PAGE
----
Sunday, April 03, 2005

Seamounts, Escarpments, Guyots and SSN 711

The USS San Francisco recent grounding and subsequent NJPs of the Navigation division personnel got me to thinking. If one of the contributing factors for the grounding was poor chart maintenance what hydrographic and chart information could I find with my limited resources?

The exact position of SSN711’s grounding is classified but it is has been reported that the incident occurred approximately 360 to 400 miles southeast of Guam. Additionally the National Geospatial-Intelligence Agency has reported that a “discolored waters area” that appears on a 1999 Landsat satellite image could be a previously uncharted seamount. The position of the “discolored waters” area in question is reported as 7° 45.1’ N Latitude and 147° 12.6’ E Longitude. Guam, where the USS San Francisco started its voyage, position is 13° 27’ N Lat and 144° 13’ E Long.

Micronesia (Source: CIA - World Factbook)

Each degree of Latitude is 60 nautical miles and at 10 degrees Lat each degree of Longitude is still 59 nautical miles (Cos Longitude x 60). Using pythrethrum theorem A2 + B2 = C2 we can verify the distance between Guam and the Seamount. Where A is the difference in Lat miles (13 – 7) x 60 = 360 miles and B being the different in Long mile (147 – 144) x 59 = 177 miles we can calculate the diagonal distance. I came up 401 nautical miles between Guam and the reported Seamount position. I hope I did the math right on this, but it matches the upper end of the reported distance from Guam where the sub grounded. This is essentially the area between Guam in the Marianas Islands and Caroline Island ridge of Micronesia.

The area transited by SSN711 has some of the most extreme changes in bathymetric topography in the world. In fact Marianas Trench just southeast of Guam has the deepest point in the worlds oceans at 38,518 feet deep. To put that in perspective the elevation of Mt. Everest is only 29,035 feet above sea level. As an illustration I included the below hydrographic image of the western pacific that include the sub's transit route.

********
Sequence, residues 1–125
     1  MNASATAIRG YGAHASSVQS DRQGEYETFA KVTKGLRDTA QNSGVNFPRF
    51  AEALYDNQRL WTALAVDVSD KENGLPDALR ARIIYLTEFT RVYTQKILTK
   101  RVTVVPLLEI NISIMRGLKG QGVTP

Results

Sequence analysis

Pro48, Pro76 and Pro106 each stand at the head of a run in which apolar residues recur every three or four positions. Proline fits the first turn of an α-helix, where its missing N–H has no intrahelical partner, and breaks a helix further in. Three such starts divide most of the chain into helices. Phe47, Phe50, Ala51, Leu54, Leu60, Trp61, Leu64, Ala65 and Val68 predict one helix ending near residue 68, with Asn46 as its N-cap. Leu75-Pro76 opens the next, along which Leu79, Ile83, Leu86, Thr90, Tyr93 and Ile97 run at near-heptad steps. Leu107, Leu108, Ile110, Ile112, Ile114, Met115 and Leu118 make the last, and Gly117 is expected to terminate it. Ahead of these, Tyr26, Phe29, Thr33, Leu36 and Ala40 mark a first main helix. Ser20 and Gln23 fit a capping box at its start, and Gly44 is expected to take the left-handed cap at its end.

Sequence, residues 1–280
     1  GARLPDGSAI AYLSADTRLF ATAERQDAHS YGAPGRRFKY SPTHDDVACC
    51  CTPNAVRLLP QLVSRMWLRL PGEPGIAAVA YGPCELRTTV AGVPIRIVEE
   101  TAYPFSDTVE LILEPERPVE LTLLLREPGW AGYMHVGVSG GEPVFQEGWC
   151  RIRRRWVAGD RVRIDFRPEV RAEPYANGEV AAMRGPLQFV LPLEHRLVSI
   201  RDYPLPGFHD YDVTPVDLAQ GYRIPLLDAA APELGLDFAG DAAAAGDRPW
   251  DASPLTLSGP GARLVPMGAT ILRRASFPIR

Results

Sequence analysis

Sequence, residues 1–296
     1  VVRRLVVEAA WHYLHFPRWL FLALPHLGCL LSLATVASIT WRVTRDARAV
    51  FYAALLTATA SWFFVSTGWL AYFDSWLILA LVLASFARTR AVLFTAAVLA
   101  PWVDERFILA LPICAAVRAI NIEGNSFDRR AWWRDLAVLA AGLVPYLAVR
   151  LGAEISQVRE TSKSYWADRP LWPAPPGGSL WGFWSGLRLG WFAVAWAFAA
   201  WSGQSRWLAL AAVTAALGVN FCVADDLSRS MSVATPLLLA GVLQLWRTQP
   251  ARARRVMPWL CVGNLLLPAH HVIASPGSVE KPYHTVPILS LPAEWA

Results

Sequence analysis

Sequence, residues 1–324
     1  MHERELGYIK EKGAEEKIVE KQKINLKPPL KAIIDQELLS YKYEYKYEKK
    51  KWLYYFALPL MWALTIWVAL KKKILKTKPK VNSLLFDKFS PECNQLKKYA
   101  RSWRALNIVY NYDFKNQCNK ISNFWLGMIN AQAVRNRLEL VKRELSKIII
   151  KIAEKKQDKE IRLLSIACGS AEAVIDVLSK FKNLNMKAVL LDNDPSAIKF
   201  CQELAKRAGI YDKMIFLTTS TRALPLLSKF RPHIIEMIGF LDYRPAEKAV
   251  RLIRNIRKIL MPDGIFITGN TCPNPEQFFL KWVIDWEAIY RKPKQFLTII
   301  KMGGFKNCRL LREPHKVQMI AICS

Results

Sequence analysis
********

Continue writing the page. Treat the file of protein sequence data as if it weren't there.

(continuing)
Pacific Bathymetry relief (Source: National Geophysical Data Center)

In the below image I took a section of the above NOAA relief and given reference location of Guam and the Latitude of 0° for the bottom of the image I was able to create a very rough illustration (yellow box in next image) of where the sub could have struck the seamount. Click on any image for a larger view.

Hydrographic with SSN711 estimated track (Modified subsection of previous relief)

I took three reported facts into account in adding my notations above. First the general direction of the ship’s transit was on a southeast heading. Second the distance of 360 to 400 nautical miles from Guam and last the accident occurred before reaching the Caroline Island Ridge. Now none to this is exacting only my best guess. The actual position could be a little further south than I indicted.

Seamounts and Guyots are volcanic in origin and the Marianas chain is volcanically active. A large number of the Caroline Islands are also volcanic in origin but do not have any active volcanoes. The Caroline Islands did have a 5.8 earthquake in 1998.

South Pacific Volcano breaking ocean surface. (Source: Volcano World website)
This photograph was taken by CSIRO - Australia.

The above photo although not from the area of the grounding does show how an active underwater volcano can abruptly appear. The underwater topography of the western pacific is a dynamic and changing environment.

The damage to the sub from the grounding was significant and appears to come from what could have been a near vertical face of the seamount.

USS San Francisco damaged bow section. (Source: US Navy Photo)

So what do the charts say about the area in question? I was unable to find any Navgation charts of the western pacific at my local boatyard ship's store and had to order a chart on-line . I haven't recieved that chart as of this writing. I did look into what commercial charts cover the USS San Francisco's transit route. The following are the NIMA chart numbers and Notice to Mariners of possible interest:

Chart# Ed# Notice to Mariners
81002 6 30/1990, 43/1995, 24, 42/1996, 18/2002 --- Caroline Islands Western part
81004 4 06/2005 --- Marianas Islands
81023 5 42/1989, 12/1990, 01, 34/1993, 41/1995, 10, 46/1996, 18/2002, 06/2005--Nomoi Islands
81025 3 N38/2004 --- Military use only
81133 4 47/1985, 27/1986, 15/1988, 30/1989, 15/1991, 06, 14, 34/1993 --- Caroline Islands

It will be interesting to see what information is contained in the listed charts and Notice to Mariners. It should be noted though, that reports of the Navigation crew's NJPs cited negligence in chart maintenance, but never indicated that a specific piece of missed information would have prevented the grounding.

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